The Little things that help me

We understand it can be really hard to know how best to help someone who’s living with Crohn’s or Colitis. You might feel anxious or powerless because you can’t take their condition away. That’s totally natural. The good news is that there are lots of things you can do to help.

As part of our Little things mean a lot campaign, we shared some suggestions of little things you can do to help someone living with Crohn’s or Colitis. But we wanted to go a step further and ask our community of people living with what little things help when they're feeling the weight of their condition. Below you'll find some of the meaningful, but small acts of kindness our supporters told us really help them. 

Many people with Crohn’s or Colitis experience fatigue. Fatigue is ongoing tiredness, lack of energy or exhaustion that doesn’t improve even after rest or sleep. It’s a real symptom that can be very hard to live with.

Fatigue can impact your life in every way, such as your performance in school or at work, your relationships, your ability to do everyday tasks and your social life. Because of this, many people with Crohn’s or Colitis say fatigue is the most difficult symptom to deal with.

It's important to remember that both Crohn's and Colitis are invisible illnesses. So whilst you may not be able to see the physical symptoms, that doesn’t mean there’s nothing going on. Listen to what they’re going through and validate their feelings. It’s important to show that you believe them when they talk about their symptoms, and that they are not a burden to you.

One of the hardest things to cope with when living with Crohn's or Colitis is the unpredictability. It touches every part of your life, from socialising, to work, studying and relationships.

Because of the unpredictability of symptoms, people may be more likely to cancel or rearrange plans. It's important to recognise how frustrating this can be for the person living with the condition. So, if you ever feel frustrated about plans being changed, try to understand their situation. You could even consider planning more relaxing ways to spend time together when usual activities may be too much of a strain? Or suggest catching up online if they don’t feel up to meeting in-person.

A diagnosis of Crohn's or Colitis is life changing. When your gut doesn’t work properly, the effects can be devastating. It can impact every part of your life - from digestion and joints to your energy levels and mental health.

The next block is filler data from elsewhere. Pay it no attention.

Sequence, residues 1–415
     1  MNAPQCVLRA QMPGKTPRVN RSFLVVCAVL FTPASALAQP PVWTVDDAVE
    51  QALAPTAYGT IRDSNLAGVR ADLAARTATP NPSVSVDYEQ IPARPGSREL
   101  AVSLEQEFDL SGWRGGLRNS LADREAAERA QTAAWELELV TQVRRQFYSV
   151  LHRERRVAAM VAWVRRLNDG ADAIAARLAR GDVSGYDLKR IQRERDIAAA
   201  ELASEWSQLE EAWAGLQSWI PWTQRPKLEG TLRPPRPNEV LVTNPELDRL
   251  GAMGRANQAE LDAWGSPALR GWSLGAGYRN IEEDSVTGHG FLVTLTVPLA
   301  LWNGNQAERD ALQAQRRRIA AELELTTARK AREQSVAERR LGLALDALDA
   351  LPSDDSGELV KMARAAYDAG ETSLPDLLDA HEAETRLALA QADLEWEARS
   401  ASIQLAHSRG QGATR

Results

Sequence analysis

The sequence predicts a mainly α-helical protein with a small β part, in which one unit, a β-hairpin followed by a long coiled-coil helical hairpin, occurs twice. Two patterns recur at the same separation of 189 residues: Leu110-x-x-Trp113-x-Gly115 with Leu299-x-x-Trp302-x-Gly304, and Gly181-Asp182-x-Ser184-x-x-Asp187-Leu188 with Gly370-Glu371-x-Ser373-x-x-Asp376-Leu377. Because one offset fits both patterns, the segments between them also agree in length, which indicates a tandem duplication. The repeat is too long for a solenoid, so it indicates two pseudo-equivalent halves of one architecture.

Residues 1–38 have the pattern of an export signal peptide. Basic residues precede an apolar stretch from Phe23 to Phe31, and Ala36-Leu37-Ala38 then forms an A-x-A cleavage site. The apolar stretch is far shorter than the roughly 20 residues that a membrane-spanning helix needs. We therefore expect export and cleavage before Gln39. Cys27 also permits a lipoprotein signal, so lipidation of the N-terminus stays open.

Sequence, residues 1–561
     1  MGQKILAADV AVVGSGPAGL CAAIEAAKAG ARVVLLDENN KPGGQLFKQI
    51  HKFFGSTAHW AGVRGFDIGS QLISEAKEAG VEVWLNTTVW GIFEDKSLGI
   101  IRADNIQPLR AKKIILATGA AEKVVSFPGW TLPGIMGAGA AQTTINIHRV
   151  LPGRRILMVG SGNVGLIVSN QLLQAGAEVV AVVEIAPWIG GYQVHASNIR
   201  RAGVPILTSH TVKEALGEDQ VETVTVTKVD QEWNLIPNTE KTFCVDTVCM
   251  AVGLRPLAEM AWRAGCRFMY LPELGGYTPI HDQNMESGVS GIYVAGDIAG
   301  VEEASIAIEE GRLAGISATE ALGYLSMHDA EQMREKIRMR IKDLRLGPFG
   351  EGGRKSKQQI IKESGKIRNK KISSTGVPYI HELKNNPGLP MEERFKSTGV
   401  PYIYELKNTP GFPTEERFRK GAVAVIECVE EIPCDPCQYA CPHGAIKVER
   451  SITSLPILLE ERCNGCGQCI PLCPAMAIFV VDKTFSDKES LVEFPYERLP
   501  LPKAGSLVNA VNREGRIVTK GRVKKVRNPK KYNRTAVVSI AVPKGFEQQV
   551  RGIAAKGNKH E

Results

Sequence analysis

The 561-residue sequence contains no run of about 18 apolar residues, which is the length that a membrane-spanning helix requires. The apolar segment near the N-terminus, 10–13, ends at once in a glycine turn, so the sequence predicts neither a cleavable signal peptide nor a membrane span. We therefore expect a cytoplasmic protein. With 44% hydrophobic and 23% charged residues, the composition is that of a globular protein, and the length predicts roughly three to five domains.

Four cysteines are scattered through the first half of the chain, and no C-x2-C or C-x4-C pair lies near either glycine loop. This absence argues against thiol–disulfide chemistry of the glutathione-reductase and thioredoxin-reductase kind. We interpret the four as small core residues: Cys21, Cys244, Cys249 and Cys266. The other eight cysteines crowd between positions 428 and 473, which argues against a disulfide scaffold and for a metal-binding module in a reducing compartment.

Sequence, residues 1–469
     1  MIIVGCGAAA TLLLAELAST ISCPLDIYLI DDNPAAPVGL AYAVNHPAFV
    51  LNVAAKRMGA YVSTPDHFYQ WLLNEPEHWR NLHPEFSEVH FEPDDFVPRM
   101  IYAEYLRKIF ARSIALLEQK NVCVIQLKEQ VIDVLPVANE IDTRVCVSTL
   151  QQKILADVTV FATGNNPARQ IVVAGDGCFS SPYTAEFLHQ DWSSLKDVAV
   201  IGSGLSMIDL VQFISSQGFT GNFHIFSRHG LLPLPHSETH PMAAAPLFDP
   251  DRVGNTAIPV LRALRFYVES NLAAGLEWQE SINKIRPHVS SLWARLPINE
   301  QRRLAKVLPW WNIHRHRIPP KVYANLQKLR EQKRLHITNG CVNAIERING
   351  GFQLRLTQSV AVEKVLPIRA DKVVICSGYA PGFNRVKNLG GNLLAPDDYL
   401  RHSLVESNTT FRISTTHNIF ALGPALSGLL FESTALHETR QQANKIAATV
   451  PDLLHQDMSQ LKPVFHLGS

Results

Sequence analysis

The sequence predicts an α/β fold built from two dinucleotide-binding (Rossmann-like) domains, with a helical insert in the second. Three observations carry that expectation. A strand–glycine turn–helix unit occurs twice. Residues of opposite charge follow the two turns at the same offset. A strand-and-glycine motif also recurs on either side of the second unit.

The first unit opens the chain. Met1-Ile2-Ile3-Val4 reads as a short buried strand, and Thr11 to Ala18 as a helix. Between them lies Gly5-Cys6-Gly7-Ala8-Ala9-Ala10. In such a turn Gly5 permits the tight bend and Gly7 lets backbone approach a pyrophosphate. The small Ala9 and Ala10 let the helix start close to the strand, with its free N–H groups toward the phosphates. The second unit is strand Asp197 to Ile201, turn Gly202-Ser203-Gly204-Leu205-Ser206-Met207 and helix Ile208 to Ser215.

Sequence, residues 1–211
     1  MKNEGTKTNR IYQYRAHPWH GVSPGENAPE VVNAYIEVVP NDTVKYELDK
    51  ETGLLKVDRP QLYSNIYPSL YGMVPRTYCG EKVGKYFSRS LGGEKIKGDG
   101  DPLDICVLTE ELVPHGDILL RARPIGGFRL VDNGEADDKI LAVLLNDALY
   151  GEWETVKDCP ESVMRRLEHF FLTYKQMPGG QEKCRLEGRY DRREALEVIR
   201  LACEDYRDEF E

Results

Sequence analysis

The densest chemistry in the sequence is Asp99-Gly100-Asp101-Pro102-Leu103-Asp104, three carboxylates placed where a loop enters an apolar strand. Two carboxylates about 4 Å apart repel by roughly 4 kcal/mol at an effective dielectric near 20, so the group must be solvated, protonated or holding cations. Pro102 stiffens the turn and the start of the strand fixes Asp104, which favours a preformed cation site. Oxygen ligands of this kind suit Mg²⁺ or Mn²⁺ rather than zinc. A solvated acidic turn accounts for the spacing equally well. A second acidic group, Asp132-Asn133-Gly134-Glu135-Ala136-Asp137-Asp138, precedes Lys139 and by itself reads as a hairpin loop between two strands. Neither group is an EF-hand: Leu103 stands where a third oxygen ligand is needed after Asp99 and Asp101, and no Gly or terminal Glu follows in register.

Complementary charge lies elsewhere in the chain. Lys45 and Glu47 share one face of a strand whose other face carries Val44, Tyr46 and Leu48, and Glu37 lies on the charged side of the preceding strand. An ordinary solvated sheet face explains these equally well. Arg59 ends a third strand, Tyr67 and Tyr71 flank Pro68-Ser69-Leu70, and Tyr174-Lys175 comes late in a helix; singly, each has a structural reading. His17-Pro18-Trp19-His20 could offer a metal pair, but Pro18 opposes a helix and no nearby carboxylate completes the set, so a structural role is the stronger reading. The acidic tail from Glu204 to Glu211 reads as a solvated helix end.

Sometimes people might prefer just to carry on as normal and not talk about their illness. But at other times they may appreciate someone to open up to. Take the time to really understand what they’re going through. You don’t need to have all the answers, sometimes listening is enough.

There may be times when symptoms are better and other times when they’re worse, known as flare-ups. Having a flare-up can be a difficult time and have a big impact on a person's life. During a flare-up, someone may feel weak, tired or be in a lot of pain and discomfort. Offering to do things like cooking and cleaning could be a great help so they can focus on their recovery.

If you have Crohn’s or Colitis, what you eat may affect your symptoms. But it is different for everybody.  However, the more you know about Crohn’s and Colitis, the more support you’ll be able to give. Ask your loved one if certain foods trigger their symptoms. It's important to have this conversation with them as everyone is different. Foods that may help one person may do nothing or even make symptoms worse in another. 

Are you supporting someone living with Crohn's or Colitis?

It can be really hard to know how best to support someone who’s living with Crohn’s or Colitis. The good news is that there are lots of things you can do to help.


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Helpline service


We know it can be difficult to live with, or support someone living with these conditions. But you’re not alone. We provide up-to-date, evidence-based information and can support you to live well with Crohn’s or Colitis.

Our helpline team can help by:

  • Providing information about Crohn’s and Colitis.

  • Listening and talking through your situation.

  • Helping you to find support from others in the Crohn’s and Colitis community.

  • Signposting you to specialist organisations.

Please be aware we’re not medically or legally trained. We cannot provide detailed financial or benefits advice or specialist emotional support.

Please contact us via telephone, email or LiveChat - 9am to 5pm, Monday to Friday (except English bank holidays).

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If you need specific medical advice about your condition, your GP or IBD team will be best placed to help.

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